Little Feat’s Bill Payne on the early days, crew changes and learning new tricks

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Founded in 1969 and still playing today — that’s no little feat. Hank Randall

By Dave Gil de Rubio

Bill Payne may not be a household name, but most people have heard the native Texan’s piano/keyboard contributions whether they realize it or not.

In addition to co-founding Southern rock band Little Feat in 1969, Payne has done guest appearances on hundreds of recordings for artists including Bonnie Raitt, The Doobie Brothers, Jackson Browne, Emmylou Harris, Pink Floyd, Bob Seger and Shelby Lynne. Considered by many to be one of the greatest living American rock and blues pianists, Payne calls Montana home when he’s not out on the road with Little Feat.

After the worst of the pandemic, the 73-year-old musician started doing live shows again in June 2021. COVID had not only forced Payne to readjust and learn how to play virtually with others, but also do it while welcoming a pair of new members to his long-running band — guitarist Scott Sharrard and drummer Tony Leone.

“I learned how to record at my home, which is ridiculous,” says Payne in a recent phone interview. “It’s something I didn’t know how to do before. I sort of took each challenge, as it were, and started getting the buzz out of my system here in Montana. I just took the challenges one at a time and went down the list one at a time. I [recorded virtually] not only with Little Feat but with The Doobie Brothers. … It took a little while for me to learn the curve of how to record, but once [I got past that], it was a solid and great way to do things.”

Sharrard was welcomed into the Feat fold in October 2019 and Leone came aboard in September 2020, crew changes that Payne views as the price of keeping a group going that was founded along with Roy Estrada, Lowell George and Richie Hayward. Over the band’s five-decade-plus existence, breakups and major personnel changes have been a Little Feat constant. George left in 1979 and passed away shortly afterward, and the band broke up until 1987, when former Pure Prairie League vocalist Craig Fuller was recruited to front the reunited band. Shaun Murphy succeeded Fuller in 1993, departing in 2009. Payne sees all of these shifts as a normal evolution that doesn’t become a concern as long as a group stays faithful to its spirit.

“When we went from a group of four people which was Roy Estrada, Lowell George, Richie Hayward and myself, and then expanded it on [the 1973 album] Dixie Chicken [with] Paul Barrere, Kenny Gradney and Sam Clayton, people wanted to know what that was,” he says. “The band from the get-go was designed by Lowell and myself to be expandable. We just wanted to have a vehicle of expression that would allow for whatever we needed at the time to support the music.

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“It was a pretty simple proposition. It’s tougher to sometimes pull off because there’s a certain balance to it with fans,” Payne said. “Fans, like all of us, want continuity. When you think of continuity and a lineup of songs — when we did ‘Let It Roll’ Lowell wasn’t there [so fans might have been asking] what is that? My response was, ‘You tell me. Does it resonate with you or not? If you say, ‘Oh my God, it sounds like Little Feat! Thanks for putting it back together,’ then you know you’re on the right track.”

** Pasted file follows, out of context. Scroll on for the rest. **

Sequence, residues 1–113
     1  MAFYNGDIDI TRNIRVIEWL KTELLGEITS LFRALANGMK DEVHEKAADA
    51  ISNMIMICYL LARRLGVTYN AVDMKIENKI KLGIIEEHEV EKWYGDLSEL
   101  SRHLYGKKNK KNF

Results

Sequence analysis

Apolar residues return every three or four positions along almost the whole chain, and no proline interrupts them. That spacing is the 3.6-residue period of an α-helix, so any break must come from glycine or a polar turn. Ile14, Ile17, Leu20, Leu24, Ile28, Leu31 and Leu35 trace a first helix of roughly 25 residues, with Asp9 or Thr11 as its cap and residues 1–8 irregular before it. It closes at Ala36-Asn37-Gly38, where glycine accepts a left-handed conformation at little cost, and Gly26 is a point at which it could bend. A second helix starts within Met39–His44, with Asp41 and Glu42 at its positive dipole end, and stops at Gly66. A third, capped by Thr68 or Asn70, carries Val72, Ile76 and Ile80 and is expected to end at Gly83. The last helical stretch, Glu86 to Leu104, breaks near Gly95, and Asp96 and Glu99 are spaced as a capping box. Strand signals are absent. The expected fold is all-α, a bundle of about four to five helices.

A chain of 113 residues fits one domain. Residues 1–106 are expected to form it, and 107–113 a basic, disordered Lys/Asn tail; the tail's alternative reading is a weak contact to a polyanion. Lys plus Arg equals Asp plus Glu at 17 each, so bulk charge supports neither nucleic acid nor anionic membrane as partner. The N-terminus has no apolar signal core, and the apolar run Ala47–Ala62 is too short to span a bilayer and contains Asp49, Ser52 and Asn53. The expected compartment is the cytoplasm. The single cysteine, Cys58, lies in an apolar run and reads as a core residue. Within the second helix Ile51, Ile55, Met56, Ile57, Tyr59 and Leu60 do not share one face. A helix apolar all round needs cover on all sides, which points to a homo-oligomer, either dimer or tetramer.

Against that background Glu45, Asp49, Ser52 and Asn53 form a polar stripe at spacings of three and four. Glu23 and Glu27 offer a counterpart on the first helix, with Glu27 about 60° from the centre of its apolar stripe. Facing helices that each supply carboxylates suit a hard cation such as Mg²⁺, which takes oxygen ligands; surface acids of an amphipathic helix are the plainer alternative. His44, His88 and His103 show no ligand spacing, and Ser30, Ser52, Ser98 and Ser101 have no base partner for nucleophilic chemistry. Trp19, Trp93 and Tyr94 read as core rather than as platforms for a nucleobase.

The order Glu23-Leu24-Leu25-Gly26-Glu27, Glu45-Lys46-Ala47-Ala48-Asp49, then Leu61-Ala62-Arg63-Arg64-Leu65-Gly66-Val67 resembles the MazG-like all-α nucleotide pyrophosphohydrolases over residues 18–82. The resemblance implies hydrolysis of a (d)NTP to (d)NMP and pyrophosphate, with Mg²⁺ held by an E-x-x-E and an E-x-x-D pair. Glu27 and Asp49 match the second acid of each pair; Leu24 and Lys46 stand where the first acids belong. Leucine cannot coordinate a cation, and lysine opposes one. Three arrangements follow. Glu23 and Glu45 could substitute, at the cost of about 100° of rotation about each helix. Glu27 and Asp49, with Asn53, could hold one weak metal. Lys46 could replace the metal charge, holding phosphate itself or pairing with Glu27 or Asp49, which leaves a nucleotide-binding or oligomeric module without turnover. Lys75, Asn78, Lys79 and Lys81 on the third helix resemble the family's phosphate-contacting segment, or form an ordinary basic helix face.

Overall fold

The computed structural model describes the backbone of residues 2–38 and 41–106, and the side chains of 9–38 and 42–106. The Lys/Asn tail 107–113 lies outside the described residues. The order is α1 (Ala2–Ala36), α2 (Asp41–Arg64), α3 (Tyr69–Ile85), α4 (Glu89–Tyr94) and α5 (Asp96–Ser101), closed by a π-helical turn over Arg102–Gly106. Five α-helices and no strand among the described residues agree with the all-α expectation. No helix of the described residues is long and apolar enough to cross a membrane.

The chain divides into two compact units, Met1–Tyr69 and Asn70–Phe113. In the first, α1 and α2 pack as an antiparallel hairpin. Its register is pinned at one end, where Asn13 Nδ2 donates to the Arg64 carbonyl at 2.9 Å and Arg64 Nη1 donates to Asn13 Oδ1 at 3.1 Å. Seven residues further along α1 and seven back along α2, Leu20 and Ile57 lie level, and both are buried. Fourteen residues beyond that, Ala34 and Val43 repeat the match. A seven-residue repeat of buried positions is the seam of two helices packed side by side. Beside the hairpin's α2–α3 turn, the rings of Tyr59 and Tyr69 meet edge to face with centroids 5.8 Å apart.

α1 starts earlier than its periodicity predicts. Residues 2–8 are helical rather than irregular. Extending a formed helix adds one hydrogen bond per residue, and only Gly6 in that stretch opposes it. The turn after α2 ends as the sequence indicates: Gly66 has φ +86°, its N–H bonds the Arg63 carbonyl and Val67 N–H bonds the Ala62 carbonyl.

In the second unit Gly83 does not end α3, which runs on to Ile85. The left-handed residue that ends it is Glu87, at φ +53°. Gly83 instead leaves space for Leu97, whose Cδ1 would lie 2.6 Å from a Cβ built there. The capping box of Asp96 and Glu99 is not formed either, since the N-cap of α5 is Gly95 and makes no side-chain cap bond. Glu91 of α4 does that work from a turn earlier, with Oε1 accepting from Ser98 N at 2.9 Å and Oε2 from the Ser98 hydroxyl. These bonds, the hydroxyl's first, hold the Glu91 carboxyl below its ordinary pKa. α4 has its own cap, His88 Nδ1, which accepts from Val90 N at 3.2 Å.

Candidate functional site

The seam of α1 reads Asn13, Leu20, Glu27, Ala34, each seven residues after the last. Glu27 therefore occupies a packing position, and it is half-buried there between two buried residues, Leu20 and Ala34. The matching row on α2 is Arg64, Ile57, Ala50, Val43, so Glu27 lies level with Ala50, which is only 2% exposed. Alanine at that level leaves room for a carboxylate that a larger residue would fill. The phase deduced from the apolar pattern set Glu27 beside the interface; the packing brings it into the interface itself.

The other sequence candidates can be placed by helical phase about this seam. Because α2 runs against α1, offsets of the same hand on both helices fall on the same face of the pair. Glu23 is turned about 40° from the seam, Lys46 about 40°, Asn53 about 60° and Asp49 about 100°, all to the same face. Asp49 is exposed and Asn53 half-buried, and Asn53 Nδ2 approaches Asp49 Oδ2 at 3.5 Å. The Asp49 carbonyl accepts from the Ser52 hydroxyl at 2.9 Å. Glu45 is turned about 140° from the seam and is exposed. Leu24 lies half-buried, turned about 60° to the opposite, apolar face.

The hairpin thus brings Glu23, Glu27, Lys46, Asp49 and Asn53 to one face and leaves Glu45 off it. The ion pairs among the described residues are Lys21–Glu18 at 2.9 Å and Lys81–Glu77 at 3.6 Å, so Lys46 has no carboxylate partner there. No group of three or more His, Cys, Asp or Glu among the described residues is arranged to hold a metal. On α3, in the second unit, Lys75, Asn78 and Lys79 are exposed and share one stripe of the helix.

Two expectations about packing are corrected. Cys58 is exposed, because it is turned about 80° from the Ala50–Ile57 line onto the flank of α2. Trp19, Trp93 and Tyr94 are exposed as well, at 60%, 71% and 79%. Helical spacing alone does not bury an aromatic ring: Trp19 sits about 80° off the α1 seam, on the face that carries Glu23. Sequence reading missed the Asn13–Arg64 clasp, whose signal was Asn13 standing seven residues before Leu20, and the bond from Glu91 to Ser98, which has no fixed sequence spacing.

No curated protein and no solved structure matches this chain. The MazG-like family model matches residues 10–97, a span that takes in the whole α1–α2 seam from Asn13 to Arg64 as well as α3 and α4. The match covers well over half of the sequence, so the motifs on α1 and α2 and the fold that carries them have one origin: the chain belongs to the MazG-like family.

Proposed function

Little Feat are back in action once again, doing an anniversary tour celebrating the 1978 live album, Waiting for Columbus, in which the band plays all 17 of the double-album’s songs.

“We did two nights at the Ryman Auditorium. We’re filming that, so there were a bunch of guests for those two shows [including Eric Church, Bettye LaVette and Widespread Panic’s JoJo Herman],” Payne says. “Quite frankly, I think [this tour] was a ballsy way to do it. You take your most famous and most revered of all those albums and play it in its entirety. It’s going to sound a lot like Little Feat, because that’s who we are. I felt very confident that we would do what we were supposed to do, based on the [remote] recordings we’ve been doing. We’re always going to have horns as well.”

“The journey has been really interesting, personally and certainly with Little Feat,” he says. “But I’ve always been able to play with other bands and it always gave me a loose attitude about what makes up a band. A band is not Bob Seger and the Silver Bullet Band. They’ve got that, but they don’t all write music with each other either. Bob will say they’re going to do this or that and that’s what they do. Lowell George rarely did that with us. We were more like The Beatles or The Rolling Stones.”

That’s not to say Little Feat was a democracy in the purest sense, although George, in interviews before his death said that was how he looked at the band.

“You walk in with an idea for people and maybe they say, ‘Eh, that’s OK.’ Or [you tell everyone] ‘You play it whether you want to or not,’ which is what I said when I walked through the door with [the song] ‘Oh, Atlanta,’” Payne says. “It wasn’t like, ‘Can we do this?’ It was, ‘We’re doing this.’ It wasn’t just me. Other people had walked in with stuff and we tried. Not everything we played would make it. It’s a band. Certain people go to the nth degree and everyone [in their bands] has got an equal voice. I don’t think an equal voice is what it’s all about.”

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